How can intelligent CRM software help sales bosses compete like top FIFA World Cup managers? Read on, it’s easier than you might have thought.
Welcome to ‘The Beautiful Game’Remember that Maradona goal? No, not the ‘Hand of God’, the other one. 1986, Estadio Azteca, Mexico City, FIFA World Cup quarter-final – Diego Armando Maradona Franco, the diminutive Argentinian wizard, picking up the ball in his own half, athletically twisting and turning, with the footwork of a ballet dancer, to beat what seemed like the entire English team, before coolly slotting the ball past a floundering Peter Shilton? Sheer individual brilliance, from the one they call El Pibe de Oro – the Golden Boy. Yes, we remember the individuals, like; Pele, Jairzhino, Cruyff, Beckenbauer, Stoichkov, Tardelli, Suker, Ronaldo (feel free to add your own suggestion here), and we remember the great teams; Brazil, Italy, France, Germany, Argentina, Uruguay, Portugal, and Holland (again, it’s up to you). But there are a combination of elements – like; fate, injury, refereeing decisions, and the woodwork – which go towards making these memories live forever in our minds. Not least of these elements, are the managers.
There really is no ‘I’ in teamUnfortunately, I’m not going to make it to World Cup 2018, but, as a young boy I had a coach who probably already knew that. Somehow, that didn’t matter to him. It wasn’t the football that interested him. It was about getting the best from groups of boys who had nothing else to do. He started a football club where nobody’s kit matched, where we changed in a cold leaking shed, where the balls were old, perpetually wet, and whose laces could remove and eye with an ill-timed header. He would shout his own personal brand of encouragement from the sideline; “Kick the ball. Score a goal. Pass the ball. Don’t forget, you’re a team”. That was about it. Hardly the stuff of managerial legends like Vicente Del Bosque, or Marcello Lippi. But it worked. And it worked because that manager really wanted the best from every boy in his charge. He wanted them to know how a team functioned, regardless of ability, he insisted that everyone was part of that team. That was his only strategy.
There’s more to management than managingWhether it’s playing for your country at World Cup 2018, or part of a modern sales team, the structure is similar. A group of individuals aiming for a common goal, but each with their own unique skills. At the team’s pinnacle is the manager. Again, whether football or sales, the manager is there to set the game plan, to organise and instil a structure, create the necessary motivation, and to encourage the ones lacking in confidence. The manager is also there to set the goalposts and to flatten the pitch for the whole team. Some football management functions:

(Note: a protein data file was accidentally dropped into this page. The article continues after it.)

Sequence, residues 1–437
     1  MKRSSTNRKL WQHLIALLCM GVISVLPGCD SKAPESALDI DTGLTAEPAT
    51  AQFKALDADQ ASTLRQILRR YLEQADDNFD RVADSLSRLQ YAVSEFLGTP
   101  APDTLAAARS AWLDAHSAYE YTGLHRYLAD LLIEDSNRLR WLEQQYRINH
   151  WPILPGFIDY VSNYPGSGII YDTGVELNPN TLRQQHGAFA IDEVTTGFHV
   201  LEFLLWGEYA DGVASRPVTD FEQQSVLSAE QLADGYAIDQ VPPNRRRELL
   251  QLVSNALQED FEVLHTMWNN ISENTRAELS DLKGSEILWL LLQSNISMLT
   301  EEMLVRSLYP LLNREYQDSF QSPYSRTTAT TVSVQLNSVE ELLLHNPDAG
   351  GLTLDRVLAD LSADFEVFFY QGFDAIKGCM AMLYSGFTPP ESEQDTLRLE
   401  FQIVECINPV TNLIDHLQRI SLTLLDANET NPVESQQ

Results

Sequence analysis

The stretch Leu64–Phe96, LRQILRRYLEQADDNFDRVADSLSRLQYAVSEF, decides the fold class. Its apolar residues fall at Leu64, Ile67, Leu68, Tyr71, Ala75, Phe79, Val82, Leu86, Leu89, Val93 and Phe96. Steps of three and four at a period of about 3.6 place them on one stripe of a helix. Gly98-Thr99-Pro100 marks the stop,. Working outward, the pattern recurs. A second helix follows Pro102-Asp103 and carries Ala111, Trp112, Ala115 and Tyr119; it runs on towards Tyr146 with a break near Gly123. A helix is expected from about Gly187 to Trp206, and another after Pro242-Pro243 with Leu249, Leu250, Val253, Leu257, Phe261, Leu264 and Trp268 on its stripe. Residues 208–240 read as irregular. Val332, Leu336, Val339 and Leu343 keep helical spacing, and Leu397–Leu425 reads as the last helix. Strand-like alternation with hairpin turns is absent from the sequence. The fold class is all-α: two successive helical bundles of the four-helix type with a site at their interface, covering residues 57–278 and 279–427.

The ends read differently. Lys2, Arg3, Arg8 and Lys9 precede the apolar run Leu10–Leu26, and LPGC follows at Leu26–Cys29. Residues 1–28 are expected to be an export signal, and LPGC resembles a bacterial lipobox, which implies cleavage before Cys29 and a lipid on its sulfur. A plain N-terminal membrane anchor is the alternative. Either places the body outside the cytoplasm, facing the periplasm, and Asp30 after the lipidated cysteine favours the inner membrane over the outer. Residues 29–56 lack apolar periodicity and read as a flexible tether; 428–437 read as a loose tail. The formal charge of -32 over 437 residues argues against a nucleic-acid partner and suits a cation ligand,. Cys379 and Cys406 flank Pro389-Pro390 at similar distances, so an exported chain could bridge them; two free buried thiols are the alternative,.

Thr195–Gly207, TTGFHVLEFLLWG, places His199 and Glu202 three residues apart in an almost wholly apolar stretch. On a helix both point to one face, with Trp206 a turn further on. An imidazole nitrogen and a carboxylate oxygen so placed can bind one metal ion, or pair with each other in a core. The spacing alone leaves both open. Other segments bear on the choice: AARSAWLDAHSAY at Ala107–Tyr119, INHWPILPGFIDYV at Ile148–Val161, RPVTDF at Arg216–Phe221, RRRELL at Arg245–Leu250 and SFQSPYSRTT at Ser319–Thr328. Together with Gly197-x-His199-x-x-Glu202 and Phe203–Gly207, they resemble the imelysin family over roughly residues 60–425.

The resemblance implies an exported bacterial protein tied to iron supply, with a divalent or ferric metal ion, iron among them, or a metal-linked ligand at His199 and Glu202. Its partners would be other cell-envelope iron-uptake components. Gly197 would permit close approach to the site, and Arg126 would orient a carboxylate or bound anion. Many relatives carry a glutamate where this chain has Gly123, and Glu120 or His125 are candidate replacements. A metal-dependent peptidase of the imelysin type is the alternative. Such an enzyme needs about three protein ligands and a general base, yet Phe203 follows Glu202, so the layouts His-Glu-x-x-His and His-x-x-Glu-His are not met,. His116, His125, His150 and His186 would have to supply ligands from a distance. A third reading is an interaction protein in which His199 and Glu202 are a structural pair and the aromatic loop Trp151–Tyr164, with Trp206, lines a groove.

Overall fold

- Team selection – Choosing the right players for the right position
- Strategy planning – Deciding the game plan for individuals, and the entire team
- Player motivation – Ensuring that each player is ready for the game ahead
- Delegation – Issuing duties to various supporting roles and sharing of responsibilities
- Talent search – Always on constant look-out for new, and emerging talent
- PR and media – Being the public face of the team image
- Marketing the team – Remaining in close contact with those responsible for marketing the team’s public image
- Money management – Ensuring that targets are met and finances are available for future investment
- Analysis – Even lost games can offer some form of insight for improvement
- Sales managers choose the best team members. They ensure that these members play in the right position – that is, to be certain that the right talents are assigned to right duties, products, or geographic locations.
- Some sales members may be lacking in confidence, it’s the duty of a great sales manager to get the best from their team. This may mean boosting the confidence of team members whose confidence may be flagging for one reason or another – not hitting targets, feeling frustrated at lack of opportunity, goals being set too high.
- The sales manager is also responsible for delegation of tasks within the team. These tasks could be ensuring closer collaboration between sales and marketing, or sales and customer care teams.
- Great sales teams – especially growing teams – are always on the look-out for new talent. It is the job of the sales manager to have these new talents brought to his or her attention.
- In both good times and bad times, the sales manager will be the figurehead of the sales department. Delivering sales reports to board members, investors, and other executives. Keeping the right people informed about results, performance, and perceived complications.
- Slightly different than football managers, sales managers need to constantly coordinate with their marketing team to ensure a constant supply of new leads and opportunities.
- Money and financial issues are at the core of a sales manager’s role. Creating the resources for the success and expansion of the company, the sales manager’s role is allied to that of a football manager who identifies, and secures the talent needed to grow the team brand.
- When sales are lost a good sales manager can see how, and why. They can learn from the process and correct these mistakes for the future.